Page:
Although Kiiro Himawari‘s standalone novel The Misfortune Devouring Witch is Actually a Vampire is fantasy, it feels very much like historical fiction set in the late 19th century. In large part this is due to some very solid worldbuilding; Himawari’s tale takes the basics of the real world and simply uses them as a blueprint to create a vaguely European setting which opened to trade with the far east less than one hundred years ago. While it is clear that Hylant is meant to be England with Hinomoto as Japan and Xingha as China, the use of fantasy elements (like the eponymous vampire) keeps it from feeling stale, and if the author hews a little too close to real-world elements at times, it is hard to deny that they give the story a very solid base to rest upon. Since the vampire mythology is largely Himawari’s own, that does make it easier to more comfortably absorb it without worrying about the setting unduly.
It also helps that Himawari is one of the light novel authors with the best grasp of Western names to be translated, although certainly some of that credit also goes to the translator. All of the characters have believable, regular names that would have been in use in the story’s timeframe, with no misgendered names or oddly contorted ones. The result is more of that solidity for the narrative to rest on and nothing horribly jarring to knock readers out of the book. That Ernest’s name really suits him – he’s nothing if not earnest in his dealings and pursuit of heroine Yuuri – speaks well of Himawari’s writing and understanding of her setting as well.
The plot itself is somewhat episodic, with a through-plot of Ernest and Yuuri’s romance. As a close friend of the king of Hylant and a high-ranking nobleman, Ernest often finds himself asked to perform tasks for the crown, which is what leads him to Yuuri in the first place. After their first encounter, Ernest is smitten and uses a bargain he made with her as an excuse to court her under the guise of his missions for the king. That deal, however, proves to be even more important to Yuuri, who, as it happens, is not a “witch” at all, but rather a descendant of vampires who inherited their need for blood upon reaching maturity. (That Yuuri and her late grandmother, both doctors of Eastern medicine, are labeled “witches” is another good, period-accurate detail.) Yuuri agrees to help Ernest in exchange for his blood once every few months, but what she does not tell him is that vampires only desire the blood of their true loves, and that once she has tasted his, she can only drink from him – and if he stops providing, she’ll die. Ernest, not being a fool, does his research and figures this out for himself, but without telling Yuuri that he knows; this provides some of the back-and-forth between them as the story goes on.
At first this does seem like the sort of deception that could ruin a good romance narrative, and it is a bit annoying on the surface. But it really is part of Ernest trying to show that he respects Yuuri’s decision not to tell him and to become comfortable with her own feelings while also making sure that he understands what he’s gotten himself into. Since Ernest embraced his love at first sight immediately, he’s perfectly thrilled to realize what Yuuri’s request for his blood means, but he also recognizes that Yuuri, who might best be described as a tsundere, is not the sort of person to just comfortably jump right in to a new relationship. While it’s not great that she’s tormenting herself with feelings of her own duplicity towards Ernest and concerns that her insta-love for him might lead to her death, those are part of what she needs to work through in order to be true to herself. Yuuri, as it happens, is not a natural tsundere; her prickly exterior is the direct result of things that have happened to her in the past. Because the vampiric characteristics skipped a generation, Yuuri’s mother rejected her daughter the moment she was born, and this caused her older brother to do the same for many years. (Unlike their mother, her brother Simon got his head on straight before the novel begins.) This caused Yuuri to distrust people out of fear of rejection, and her falling for Ernest therefore feels unsafe to her. Simply put, she doesn’t trust him to stay, even if he knew that leaving would kill her, and so she chooses what she sees as the safer route: being prickly to keep him at a distance so that she’s prepared to be abandoned.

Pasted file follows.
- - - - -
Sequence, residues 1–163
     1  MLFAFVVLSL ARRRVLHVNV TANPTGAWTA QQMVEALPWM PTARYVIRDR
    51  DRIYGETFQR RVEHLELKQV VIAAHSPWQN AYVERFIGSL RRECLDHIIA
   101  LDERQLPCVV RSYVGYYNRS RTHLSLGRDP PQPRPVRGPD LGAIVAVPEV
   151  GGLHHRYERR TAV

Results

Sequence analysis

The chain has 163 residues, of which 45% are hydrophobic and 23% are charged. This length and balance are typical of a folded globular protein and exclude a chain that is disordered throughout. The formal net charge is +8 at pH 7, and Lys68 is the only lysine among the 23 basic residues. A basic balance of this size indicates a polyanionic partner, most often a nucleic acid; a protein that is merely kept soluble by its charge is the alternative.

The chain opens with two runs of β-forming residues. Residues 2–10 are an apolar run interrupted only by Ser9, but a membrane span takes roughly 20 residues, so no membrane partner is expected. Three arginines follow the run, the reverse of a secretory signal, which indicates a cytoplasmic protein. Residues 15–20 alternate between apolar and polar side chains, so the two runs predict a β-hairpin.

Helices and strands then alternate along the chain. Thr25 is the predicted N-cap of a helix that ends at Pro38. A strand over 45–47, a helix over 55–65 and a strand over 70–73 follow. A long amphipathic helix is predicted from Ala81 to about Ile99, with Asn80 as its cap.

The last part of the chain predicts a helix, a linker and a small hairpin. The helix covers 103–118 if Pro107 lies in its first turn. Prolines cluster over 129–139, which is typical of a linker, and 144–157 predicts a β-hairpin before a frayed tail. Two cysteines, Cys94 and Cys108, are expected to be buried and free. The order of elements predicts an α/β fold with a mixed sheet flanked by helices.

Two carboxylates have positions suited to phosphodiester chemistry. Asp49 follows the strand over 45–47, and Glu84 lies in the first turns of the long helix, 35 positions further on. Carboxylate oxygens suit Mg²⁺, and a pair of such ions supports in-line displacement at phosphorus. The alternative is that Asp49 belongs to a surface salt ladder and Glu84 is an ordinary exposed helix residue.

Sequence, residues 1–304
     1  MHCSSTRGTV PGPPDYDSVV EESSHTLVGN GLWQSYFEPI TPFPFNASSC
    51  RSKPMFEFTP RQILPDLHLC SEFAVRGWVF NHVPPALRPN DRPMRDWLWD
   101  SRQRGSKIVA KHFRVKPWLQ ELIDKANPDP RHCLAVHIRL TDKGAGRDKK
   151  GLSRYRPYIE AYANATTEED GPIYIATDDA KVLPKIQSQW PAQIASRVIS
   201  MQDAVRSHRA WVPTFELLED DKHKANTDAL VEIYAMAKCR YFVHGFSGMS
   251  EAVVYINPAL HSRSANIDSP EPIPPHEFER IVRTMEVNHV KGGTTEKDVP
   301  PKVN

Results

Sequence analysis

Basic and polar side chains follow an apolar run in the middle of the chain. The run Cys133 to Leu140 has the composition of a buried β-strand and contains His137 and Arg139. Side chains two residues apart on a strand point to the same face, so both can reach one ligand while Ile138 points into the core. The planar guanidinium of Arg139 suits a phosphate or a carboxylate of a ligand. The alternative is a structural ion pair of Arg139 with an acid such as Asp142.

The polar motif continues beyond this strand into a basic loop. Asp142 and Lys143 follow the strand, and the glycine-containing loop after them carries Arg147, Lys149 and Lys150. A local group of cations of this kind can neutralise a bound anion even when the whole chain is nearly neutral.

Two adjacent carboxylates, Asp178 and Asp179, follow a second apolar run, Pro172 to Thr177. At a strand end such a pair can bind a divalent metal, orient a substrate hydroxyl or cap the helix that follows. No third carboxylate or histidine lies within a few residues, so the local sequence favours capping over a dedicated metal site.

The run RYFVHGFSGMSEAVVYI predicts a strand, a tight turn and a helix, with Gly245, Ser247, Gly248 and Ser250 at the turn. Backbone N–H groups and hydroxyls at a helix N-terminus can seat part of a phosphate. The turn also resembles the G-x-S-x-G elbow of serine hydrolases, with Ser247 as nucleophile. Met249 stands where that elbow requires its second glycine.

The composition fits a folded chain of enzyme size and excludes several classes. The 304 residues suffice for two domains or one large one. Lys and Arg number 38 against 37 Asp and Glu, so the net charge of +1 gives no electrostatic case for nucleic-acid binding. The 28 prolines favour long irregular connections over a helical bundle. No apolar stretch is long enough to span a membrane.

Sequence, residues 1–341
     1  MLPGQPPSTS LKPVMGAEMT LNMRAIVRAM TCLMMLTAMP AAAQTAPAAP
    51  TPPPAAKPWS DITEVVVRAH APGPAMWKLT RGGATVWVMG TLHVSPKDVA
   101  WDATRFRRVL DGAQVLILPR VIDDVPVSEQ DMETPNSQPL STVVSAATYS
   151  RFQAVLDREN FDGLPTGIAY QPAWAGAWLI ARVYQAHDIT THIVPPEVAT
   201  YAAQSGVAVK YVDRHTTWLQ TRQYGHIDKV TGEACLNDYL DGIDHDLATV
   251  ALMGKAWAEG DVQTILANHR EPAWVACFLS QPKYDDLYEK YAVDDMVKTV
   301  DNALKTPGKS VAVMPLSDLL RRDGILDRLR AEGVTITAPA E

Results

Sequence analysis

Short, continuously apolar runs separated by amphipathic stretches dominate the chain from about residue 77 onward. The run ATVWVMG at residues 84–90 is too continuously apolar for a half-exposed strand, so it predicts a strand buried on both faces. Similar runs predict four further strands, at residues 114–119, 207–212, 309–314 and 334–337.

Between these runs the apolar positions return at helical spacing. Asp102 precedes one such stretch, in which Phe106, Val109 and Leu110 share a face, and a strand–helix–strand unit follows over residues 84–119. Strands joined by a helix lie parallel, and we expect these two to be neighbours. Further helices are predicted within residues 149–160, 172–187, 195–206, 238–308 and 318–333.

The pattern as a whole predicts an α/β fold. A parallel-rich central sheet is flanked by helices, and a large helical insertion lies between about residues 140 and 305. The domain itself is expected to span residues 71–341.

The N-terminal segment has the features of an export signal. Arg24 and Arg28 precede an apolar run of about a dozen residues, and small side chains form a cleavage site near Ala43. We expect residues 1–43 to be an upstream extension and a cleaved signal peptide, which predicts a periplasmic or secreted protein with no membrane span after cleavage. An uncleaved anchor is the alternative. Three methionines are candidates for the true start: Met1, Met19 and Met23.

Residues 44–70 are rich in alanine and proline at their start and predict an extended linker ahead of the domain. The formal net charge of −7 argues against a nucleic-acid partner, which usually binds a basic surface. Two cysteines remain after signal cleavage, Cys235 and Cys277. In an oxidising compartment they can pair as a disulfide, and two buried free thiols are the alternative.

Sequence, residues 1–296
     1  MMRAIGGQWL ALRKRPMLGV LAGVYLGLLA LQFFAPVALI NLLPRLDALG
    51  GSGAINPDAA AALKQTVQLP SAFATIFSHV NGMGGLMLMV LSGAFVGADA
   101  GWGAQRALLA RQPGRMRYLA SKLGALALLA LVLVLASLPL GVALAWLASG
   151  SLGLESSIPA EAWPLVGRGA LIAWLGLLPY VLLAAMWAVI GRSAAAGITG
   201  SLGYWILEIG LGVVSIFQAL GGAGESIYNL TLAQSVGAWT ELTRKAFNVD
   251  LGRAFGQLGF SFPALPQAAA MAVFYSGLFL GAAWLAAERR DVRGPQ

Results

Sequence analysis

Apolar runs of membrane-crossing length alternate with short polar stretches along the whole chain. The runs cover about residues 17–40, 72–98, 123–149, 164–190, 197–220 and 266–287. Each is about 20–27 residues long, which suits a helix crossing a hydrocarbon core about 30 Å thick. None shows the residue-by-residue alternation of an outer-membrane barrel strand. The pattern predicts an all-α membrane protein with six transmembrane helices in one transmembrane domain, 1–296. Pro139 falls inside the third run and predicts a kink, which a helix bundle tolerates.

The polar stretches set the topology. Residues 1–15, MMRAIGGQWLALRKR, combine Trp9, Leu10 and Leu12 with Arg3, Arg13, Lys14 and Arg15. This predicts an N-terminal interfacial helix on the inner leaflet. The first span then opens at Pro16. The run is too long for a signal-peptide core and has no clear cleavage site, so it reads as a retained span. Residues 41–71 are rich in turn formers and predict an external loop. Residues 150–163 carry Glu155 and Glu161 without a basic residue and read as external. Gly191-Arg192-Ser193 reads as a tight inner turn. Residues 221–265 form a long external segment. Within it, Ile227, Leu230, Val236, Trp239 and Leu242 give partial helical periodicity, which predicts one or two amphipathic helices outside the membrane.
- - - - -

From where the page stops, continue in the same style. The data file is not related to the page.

Obviously, the resolution of Yuuri’s trauma is a key factor of the overarching romance plot, and Himawari does do a good job with showing that she’s not going to be “cured” overnight. Ernest’s steadfast presence is probably his greatest appeal as a romantic hero, and watching he and Yuuri work together to intelligently solve the cases he’s assigned is enjoyable. The point of view is split between them, with shorter “interlude” chapters in between the longer main story providing some insight into other characters, such as Yuuri’s older brother Simon. Ernest is also largely respectful of Yuuri, never pushing her to go farther than she’s comfortable with, which is always nice to see.
The Misfortune Devouring Witch is Also a Vampire is a nice addition to Cross Infinite World‘s catalog and the increasing volume of female-oriented light novels in English. With its attention to setting detail, relatively unique vampire mythology, and characters who have a reason to act as they do, it’s a good time and an ebook worth picking up if you like a little blood and history with your romance.